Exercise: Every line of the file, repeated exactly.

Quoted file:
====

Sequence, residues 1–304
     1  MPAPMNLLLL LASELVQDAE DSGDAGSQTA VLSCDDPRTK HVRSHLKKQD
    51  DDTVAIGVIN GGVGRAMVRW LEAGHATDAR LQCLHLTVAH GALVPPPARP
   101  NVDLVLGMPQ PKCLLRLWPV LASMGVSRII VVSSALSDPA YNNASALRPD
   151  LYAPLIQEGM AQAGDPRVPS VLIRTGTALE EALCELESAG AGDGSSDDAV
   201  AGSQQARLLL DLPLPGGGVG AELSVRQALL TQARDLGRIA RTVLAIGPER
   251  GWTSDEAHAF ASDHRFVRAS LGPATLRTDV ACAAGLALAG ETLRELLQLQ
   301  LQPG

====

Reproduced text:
Sequence, residues 1–304
     1  MPAPMNLLLL LASELVQDAE DSGDAGSQTA VLSCDDPRTK HVRSHLKKQD
    51  DDTVAIGVIN GGVGRAMVRW LEAGHATDAR LQCLHLTVAH GALVPPPARP
   101  NVDLVLGMPQ PKCLLRLWPV LASMGVSRII VVSSALSDPA YNNASALRPD
   151  LYAPLIQEGM AQAGDPRVPS VLIRTGTALE EALCELESAG AGDGSSDDAV
   201  AGSQQARLLL DLPLPGGGVG AELSVRQALL TQARDLGRIA RTVLAIGPER
   251  GWTSDEAHAF ASDHRFVRAS LGPATLRTDV ACAAGLALAG ETLRELLQLQ
   301  LQPG